What about smoke alarms for the hearing impaired?
NFPA offers Fire Prevention Week message in American Sign Language
The National Fire Protection Association (NFPA) has produced an American Sign Language video for Fire Prevention Week. The Fire Prevention Week theme – Hear the Beep Where You Sleep: Every Bedroom Needs a Working Smoke Alarm – is conveyed through American Sign Language interpretation, voice-over, and open captioning.
The video emphasizes the importance of having a working smoke alarm in every bedroom, outside of each separate sleeping area, and on every level of the home, including the basement. Information is provided on smoke alarms and alert devices to meet the needs of people who are deaf.
“We are excited to share our 2015 Fire Prevention Week theme and relevant smoke alarm safety tips with members of the deaf community,” Judy Comoletti, NFPA division manager for Public Education announced.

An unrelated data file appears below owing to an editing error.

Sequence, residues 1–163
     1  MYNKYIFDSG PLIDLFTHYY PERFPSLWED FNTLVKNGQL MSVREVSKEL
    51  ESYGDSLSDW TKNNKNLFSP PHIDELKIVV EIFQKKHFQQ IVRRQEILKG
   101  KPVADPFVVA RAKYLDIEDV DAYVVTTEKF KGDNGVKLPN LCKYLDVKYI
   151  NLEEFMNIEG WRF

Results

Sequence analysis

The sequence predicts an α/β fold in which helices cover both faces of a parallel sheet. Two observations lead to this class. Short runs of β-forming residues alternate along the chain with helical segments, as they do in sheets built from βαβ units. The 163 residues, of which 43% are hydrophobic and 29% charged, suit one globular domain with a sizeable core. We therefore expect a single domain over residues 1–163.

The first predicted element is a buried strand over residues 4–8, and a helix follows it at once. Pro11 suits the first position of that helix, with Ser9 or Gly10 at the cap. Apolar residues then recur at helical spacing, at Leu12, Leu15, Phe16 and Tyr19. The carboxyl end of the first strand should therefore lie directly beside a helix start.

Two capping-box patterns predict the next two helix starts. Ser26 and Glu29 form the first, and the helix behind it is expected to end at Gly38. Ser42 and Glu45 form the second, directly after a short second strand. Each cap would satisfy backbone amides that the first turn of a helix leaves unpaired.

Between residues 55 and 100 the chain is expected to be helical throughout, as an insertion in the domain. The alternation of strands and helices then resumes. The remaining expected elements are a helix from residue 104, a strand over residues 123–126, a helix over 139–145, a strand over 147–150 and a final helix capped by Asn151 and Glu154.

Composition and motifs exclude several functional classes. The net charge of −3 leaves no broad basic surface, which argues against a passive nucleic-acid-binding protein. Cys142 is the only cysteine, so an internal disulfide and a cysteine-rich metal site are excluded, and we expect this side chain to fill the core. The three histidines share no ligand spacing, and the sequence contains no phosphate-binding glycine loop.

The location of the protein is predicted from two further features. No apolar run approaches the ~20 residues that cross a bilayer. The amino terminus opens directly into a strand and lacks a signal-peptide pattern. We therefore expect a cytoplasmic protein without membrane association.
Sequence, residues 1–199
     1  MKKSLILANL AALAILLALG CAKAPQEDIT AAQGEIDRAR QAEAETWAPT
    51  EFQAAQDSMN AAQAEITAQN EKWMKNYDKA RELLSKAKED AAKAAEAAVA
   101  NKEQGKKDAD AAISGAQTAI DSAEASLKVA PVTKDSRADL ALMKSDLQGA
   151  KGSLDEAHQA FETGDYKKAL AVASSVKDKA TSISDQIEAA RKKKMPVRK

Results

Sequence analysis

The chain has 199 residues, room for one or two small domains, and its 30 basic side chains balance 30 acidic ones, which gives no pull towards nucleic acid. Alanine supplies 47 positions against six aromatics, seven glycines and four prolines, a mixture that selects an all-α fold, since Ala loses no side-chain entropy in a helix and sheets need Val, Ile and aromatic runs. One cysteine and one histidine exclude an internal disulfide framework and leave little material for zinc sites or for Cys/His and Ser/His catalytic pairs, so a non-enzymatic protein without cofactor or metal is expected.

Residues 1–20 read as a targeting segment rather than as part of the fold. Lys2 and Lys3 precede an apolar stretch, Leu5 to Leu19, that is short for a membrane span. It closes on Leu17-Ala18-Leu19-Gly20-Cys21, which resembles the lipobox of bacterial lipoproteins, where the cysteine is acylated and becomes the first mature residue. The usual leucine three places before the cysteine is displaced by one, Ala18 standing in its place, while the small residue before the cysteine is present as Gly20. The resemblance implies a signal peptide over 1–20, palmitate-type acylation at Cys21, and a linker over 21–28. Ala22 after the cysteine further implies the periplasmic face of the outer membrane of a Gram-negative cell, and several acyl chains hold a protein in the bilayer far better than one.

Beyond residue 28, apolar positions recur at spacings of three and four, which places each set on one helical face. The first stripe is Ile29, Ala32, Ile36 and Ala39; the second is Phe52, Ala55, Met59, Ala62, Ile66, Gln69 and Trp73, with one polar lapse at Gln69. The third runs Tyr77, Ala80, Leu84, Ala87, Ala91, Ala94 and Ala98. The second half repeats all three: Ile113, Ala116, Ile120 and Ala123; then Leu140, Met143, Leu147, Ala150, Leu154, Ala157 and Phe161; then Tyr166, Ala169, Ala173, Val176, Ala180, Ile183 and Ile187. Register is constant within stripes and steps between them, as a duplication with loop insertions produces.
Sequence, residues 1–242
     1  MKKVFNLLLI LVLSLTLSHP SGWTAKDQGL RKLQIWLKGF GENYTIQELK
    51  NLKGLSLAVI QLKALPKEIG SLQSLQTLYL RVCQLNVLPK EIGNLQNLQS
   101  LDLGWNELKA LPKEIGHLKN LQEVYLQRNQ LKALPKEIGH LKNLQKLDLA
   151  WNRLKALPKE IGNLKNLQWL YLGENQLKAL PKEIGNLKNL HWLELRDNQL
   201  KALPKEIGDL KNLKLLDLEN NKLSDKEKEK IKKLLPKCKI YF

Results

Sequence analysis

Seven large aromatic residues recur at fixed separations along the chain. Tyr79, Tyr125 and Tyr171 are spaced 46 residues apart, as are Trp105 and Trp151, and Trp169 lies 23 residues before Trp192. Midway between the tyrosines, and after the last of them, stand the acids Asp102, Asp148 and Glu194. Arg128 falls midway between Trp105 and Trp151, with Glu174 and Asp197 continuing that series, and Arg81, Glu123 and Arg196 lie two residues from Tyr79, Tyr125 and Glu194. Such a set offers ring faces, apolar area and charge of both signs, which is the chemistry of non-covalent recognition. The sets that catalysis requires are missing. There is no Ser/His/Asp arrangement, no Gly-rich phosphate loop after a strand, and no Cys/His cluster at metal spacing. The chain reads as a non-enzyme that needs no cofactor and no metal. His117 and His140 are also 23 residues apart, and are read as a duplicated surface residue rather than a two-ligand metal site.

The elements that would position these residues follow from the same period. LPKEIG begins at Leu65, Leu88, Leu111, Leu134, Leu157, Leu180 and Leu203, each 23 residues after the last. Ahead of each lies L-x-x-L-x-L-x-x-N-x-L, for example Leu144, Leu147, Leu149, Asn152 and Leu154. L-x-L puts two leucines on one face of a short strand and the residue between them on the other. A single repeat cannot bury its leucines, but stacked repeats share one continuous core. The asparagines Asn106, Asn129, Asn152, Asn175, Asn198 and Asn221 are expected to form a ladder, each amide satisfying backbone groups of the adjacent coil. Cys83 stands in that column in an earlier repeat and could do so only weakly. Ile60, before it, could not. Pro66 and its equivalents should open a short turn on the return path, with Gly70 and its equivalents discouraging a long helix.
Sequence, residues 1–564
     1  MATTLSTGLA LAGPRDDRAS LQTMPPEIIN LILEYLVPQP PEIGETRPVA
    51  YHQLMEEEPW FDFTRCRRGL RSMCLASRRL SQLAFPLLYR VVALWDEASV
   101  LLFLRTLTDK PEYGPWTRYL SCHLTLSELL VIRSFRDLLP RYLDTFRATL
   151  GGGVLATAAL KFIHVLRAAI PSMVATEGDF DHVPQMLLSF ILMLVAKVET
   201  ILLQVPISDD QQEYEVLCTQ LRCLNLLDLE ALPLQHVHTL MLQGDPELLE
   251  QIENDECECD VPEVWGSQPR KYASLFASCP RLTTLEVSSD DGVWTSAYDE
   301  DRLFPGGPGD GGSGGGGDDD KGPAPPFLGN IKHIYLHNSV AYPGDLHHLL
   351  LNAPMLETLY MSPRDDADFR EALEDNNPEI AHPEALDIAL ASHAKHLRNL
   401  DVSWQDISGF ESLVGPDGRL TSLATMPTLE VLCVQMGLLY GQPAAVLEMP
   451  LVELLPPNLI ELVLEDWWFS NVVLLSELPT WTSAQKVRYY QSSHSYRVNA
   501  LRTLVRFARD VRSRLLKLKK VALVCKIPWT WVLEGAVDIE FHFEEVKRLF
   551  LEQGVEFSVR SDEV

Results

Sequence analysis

The deadly hours
According to NFPA, half of all U.S. home fire deaths result from fires reported between 11 p.m. and 7 a.m. when most people are asleep. Having working smoke alarms cuts the risk of dying in a home fire in half.
The goal of Fire Prevention Week, October 4-10, 2015, is to protect everyone from fire. The new video is one of many tools the fire service can use for Fire Prevention Week campaigns.
About Fire Prevention Week
NFPA has been the official sponsor of Fire Prevention Week since 1922. According to the National Archives and Records Administration's Library Information Center, Fire Prevention Week is the longest running public health and safety observance on record. The President of the United States has signed a proclamation declaring a national observance during that week every year since 1925. Visit www.firepreventionweek.org for more safety information.
About the National Fire Protection Association (NFPA)
Founded in 1896, NFPA is a global, nonprofit organization devoted to eliminating death, injury, property and economic loss due to fire, electrical and related hazards. The association delivers information and knowledge through more than 300 consensus codes and standards, research, training, education, outreach and advocacy; and by partnering with others who share an interest in furthering the NFPA mission. For more information visit www.nfpa.org. All NFPA codes and standards can be viewed online for free at www.nfpa.org/freeaccess.